Mites - Acari (Acarina) - Arachnid family
Mites, The acari (or Acarina) are a taxon of arachnids that contains mites and ticks. The diversity of the Acari is extraordinary and their fossil history goes back to at least the early Devonian period. Acarologists (people who study the Acari) have proposed a complex set of taxonomic ranks to classify mites. In most modern treatments, the Acari are considered a subclass of the Arachnida and are composed of two or three superorders or orders: Acariformes (or Actinotrichida), Parasitiformes (or Anactinotrichida), and Opilioacariformes; the latter is often considered a subgroup within the Parasitiformes. The monophyly of the Acari is open to debate, and the relationships of the acarines to other arachnids is not at all clear. In older treatments, the subgroups of the Acarina were placed at order rank, but as their own subdivisions have become better understood, treating them at the superorder rank is more usual.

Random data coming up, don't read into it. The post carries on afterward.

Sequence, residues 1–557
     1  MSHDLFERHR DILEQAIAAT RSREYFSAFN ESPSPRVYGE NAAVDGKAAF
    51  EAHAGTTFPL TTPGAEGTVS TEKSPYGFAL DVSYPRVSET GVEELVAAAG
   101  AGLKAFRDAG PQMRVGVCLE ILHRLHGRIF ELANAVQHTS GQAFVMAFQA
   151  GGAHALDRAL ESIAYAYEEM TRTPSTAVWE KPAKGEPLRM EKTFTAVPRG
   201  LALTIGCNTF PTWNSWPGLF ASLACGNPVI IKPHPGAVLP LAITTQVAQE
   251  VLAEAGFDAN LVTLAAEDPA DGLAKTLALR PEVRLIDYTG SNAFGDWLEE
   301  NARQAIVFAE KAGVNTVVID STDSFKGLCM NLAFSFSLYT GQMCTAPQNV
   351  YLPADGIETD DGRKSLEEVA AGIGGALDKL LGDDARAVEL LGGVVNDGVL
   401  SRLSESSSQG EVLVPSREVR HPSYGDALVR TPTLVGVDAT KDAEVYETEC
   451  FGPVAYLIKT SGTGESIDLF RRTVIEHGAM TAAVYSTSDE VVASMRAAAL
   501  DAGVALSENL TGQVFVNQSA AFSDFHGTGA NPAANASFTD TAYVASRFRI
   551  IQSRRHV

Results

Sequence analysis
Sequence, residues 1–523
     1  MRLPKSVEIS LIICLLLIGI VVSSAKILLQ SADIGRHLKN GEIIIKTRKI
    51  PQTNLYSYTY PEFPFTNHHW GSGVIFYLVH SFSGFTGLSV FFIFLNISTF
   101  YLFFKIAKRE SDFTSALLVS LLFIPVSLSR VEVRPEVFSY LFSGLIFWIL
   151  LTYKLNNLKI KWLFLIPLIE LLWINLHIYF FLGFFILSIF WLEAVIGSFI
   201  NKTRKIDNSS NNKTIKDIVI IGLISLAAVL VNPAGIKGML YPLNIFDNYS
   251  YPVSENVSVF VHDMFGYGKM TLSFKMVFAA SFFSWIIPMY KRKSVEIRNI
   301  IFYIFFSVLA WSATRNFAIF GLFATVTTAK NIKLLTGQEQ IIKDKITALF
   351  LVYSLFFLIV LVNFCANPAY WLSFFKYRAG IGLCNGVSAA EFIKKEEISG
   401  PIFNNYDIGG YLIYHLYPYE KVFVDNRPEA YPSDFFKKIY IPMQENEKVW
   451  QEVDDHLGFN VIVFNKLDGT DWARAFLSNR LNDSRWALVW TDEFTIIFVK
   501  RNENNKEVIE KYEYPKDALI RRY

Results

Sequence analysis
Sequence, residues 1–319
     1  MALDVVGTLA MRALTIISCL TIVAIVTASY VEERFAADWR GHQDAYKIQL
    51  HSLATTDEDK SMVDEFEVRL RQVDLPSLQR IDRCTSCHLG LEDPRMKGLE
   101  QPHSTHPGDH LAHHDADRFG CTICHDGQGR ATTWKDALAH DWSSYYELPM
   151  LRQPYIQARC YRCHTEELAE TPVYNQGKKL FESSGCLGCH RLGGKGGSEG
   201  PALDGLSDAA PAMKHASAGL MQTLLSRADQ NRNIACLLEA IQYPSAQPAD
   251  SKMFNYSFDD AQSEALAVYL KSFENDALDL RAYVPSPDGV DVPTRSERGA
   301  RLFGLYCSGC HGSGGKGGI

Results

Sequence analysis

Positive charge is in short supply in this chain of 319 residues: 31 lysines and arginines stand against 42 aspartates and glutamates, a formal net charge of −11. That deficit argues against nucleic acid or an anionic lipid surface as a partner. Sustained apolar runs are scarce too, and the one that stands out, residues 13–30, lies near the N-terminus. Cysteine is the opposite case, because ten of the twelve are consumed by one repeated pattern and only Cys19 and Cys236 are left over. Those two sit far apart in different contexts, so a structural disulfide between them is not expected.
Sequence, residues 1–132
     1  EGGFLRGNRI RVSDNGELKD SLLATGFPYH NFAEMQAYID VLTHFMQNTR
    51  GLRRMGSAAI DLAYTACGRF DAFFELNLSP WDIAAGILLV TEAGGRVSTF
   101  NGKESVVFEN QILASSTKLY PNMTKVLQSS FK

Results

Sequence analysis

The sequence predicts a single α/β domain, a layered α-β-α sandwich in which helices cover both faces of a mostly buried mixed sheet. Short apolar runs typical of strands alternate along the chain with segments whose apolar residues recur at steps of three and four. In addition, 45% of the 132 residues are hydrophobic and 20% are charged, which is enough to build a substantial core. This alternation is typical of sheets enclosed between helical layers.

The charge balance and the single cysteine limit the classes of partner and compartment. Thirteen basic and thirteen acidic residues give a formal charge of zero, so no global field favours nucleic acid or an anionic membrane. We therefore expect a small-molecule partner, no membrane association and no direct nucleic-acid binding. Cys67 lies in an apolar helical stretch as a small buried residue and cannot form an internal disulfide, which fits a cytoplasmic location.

Some parasitic forms affect humans and other mammals, causing damage by their feeding, and can even be vectors of diseases, such as scrub typhus, rickettsialpox, Lyme disease, Q fever, Colorado tick fever, tularemia, tick-borne relapsing fever, babesiosis, ehrlichiosis, and tick-borne meningoencephalitis. A well-known effect of mites on humans is their role as allergens and the stimulation of asthma in people affected by respiratory disease.
The use of predatory mites (for example, Phytoseiidae) in pest control and herbivorous mites that infest weeds are also of importance. An unquantified, but major positive contribution of the Acari is their normal functioning in ecosystems, especially their roles in the decomposer subsystem. In this context, the association of many species with carcasses and decaying organic matter qualify them as potential medicolegal indicators in forensic entomology.
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